Wild Conjecture: long-term robotics and immortality in general - I’ve been problem solving since I was little. That’s what I called it, for lack of a better word. Dreaming up some weird new thing in my head and then fi...
Friday, August 12, 2011
Thoughts walking through Ft. McNair
A walk around Ft. McNair. Not an exercise walk. A clear my head and stretch my legs walk.
The Black Keys are in my ears and wind in my face. The walk, for lunch on a beautiful D.C. afternoon, is a solid call. I needed this. The breeze and voices of the Keys breathe air and energy through my lungs.
Without running or any workout routine going, I've been a passenger in my body and through the weeks. A new school schedule for Robin and the girls will likely make lunch runs and workouts the norm. I'm ready for that change, though I'll try to keep some early morning runs, when I get back to running.
Seeing an American flag in the wind at Ft. McNair carries its own awesome meaning, especially this week with the SEAL helicopter going down in Afghanistan. I walk past soldiers and sailors and Marines and I wonder--how can I serve? What is my part? I frequently have that feeling that I am someone who should have been in the military.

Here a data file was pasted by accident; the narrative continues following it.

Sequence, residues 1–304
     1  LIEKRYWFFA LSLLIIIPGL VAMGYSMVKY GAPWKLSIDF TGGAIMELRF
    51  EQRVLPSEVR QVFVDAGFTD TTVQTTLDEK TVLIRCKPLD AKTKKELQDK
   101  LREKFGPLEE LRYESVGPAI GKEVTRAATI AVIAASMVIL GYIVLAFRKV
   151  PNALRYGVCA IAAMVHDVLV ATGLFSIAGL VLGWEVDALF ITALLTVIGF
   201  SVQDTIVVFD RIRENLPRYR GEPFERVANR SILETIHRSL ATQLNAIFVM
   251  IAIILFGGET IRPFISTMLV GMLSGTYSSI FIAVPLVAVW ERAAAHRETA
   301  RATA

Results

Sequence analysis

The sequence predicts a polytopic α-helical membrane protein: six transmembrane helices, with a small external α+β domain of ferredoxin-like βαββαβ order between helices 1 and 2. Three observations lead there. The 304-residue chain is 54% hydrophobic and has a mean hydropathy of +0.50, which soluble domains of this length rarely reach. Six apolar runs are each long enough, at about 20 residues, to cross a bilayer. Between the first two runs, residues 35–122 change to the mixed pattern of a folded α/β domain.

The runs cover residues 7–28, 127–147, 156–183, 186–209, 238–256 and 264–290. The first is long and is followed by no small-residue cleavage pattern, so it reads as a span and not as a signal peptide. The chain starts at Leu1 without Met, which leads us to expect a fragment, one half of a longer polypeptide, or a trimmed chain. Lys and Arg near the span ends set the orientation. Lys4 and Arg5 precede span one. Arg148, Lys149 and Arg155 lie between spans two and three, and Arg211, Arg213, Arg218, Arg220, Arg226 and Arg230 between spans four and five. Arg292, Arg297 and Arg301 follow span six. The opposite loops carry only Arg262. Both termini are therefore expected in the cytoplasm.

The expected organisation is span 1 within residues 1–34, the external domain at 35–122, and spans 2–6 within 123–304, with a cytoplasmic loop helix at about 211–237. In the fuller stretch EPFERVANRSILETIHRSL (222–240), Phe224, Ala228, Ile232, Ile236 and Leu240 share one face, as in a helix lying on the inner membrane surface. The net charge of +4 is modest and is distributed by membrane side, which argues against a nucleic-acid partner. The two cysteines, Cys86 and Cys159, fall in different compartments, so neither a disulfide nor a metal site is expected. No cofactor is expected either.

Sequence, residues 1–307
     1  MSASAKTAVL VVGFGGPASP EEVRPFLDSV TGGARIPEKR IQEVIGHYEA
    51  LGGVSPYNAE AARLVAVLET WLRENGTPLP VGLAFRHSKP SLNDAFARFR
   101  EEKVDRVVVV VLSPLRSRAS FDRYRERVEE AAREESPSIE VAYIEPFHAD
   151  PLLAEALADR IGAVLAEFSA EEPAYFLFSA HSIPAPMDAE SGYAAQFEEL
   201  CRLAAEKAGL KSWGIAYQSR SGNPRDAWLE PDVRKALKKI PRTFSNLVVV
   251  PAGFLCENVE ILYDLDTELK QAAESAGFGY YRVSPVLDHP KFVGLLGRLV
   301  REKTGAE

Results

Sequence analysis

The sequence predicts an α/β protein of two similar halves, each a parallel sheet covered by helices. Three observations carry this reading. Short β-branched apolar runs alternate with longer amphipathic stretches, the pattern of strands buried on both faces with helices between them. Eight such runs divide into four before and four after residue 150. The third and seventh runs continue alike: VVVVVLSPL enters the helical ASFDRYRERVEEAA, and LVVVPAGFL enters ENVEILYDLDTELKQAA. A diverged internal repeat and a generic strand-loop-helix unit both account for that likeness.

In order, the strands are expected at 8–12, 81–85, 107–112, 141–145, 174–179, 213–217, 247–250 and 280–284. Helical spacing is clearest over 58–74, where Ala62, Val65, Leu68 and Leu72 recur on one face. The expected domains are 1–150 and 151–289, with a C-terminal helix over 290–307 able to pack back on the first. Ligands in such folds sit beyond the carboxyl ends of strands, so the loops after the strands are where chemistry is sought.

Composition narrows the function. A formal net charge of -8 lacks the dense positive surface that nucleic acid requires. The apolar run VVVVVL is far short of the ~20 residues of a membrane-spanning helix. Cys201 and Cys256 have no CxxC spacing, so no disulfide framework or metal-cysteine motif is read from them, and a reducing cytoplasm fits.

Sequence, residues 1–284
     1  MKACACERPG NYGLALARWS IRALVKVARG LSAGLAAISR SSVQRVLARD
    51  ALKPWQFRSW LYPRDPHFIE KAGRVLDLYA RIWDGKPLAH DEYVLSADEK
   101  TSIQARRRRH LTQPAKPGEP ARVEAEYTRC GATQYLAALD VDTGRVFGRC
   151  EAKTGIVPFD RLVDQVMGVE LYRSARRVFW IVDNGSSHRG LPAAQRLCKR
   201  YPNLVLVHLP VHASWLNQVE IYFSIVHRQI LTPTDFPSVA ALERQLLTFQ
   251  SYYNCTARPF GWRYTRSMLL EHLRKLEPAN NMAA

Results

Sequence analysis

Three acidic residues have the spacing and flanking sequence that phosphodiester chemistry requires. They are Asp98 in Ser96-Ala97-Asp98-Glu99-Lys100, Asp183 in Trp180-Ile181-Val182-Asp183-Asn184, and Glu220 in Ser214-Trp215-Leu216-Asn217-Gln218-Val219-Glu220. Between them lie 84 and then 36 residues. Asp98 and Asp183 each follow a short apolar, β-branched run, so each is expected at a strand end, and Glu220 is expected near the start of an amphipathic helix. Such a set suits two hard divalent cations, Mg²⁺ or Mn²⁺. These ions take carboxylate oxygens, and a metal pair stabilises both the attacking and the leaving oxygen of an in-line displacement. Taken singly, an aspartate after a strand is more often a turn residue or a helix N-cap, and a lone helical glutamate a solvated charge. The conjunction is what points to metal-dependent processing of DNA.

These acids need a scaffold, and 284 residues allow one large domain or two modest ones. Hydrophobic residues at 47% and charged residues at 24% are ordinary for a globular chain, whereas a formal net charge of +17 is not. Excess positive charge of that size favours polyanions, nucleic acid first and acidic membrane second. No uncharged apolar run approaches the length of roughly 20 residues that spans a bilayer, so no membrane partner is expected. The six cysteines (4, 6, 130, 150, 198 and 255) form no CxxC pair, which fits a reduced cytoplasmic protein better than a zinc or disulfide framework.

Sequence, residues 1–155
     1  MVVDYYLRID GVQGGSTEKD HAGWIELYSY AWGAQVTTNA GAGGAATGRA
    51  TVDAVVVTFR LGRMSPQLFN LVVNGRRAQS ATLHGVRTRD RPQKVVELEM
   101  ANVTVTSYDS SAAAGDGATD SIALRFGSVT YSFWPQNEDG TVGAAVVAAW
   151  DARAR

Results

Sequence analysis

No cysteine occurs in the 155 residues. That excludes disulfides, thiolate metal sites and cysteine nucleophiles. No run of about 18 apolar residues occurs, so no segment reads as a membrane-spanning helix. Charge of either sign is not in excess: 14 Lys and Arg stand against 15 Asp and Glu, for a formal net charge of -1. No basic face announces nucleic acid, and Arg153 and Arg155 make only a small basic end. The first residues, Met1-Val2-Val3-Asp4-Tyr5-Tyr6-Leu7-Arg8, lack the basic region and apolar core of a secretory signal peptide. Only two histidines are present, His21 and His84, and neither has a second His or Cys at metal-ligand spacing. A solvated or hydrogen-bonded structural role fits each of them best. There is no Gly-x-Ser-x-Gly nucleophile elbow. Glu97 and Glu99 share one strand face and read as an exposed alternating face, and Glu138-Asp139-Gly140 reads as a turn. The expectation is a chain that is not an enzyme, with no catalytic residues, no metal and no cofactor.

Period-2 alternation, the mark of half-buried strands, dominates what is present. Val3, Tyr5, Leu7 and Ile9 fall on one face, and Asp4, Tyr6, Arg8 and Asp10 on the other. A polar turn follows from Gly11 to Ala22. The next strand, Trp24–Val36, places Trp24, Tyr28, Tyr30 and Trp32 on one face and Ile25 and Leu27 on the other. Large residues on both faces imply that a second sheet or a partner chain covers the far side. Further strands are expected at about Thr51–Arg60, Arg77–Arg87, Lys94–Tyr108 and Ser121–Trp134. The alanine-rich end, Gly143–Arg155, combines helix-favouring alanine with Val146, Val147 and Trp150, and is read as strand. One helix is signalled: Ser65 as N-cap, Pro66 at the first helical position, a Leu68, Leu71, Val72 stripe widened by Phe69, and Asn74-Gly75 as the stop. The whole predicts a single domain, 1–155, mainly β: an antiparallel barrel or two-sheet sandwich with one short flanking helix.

Philip Levine was named U.S. Poet Laureate this week. He's been one of my favorite writers for some time. One of the things that moved him further into poetry was reading a book by Wilfred Owen, given to him by a high school English teacher. Owen was a lieutenant in World War I. He wrote about his experiences in the trenches, the literal and figurative casualties of war.
Levine graduated from high school in 1946. He had figured he'd be drafted out of school, but World War II had just ended. He knew his calling was to write poetry. To know your calling.
He worked in automobile plants, a Detroit factory worker, and wrote grease-stained poetry on the side. We need more grease-stained poets and writers, like Levine and Palahniuk. That's how you arrive at Levine's "The Simple Truth:"
you know all your life. They are so simple and true
they must be said without elegance, meter and rhyme,
they must be laid on the table beside the salt shaker,
the glass of water, the absence of light fathering
in the shadows of picture frames, they must be
naked and alone, they must stand for themselves.
Maybe that's it. Maybe that's my part, my calling, but more to the point, maybe that's any of our parts: for our lives, for our selves to be "simple and true," "laid on the table beside the salt shaker," and standing for ourselves.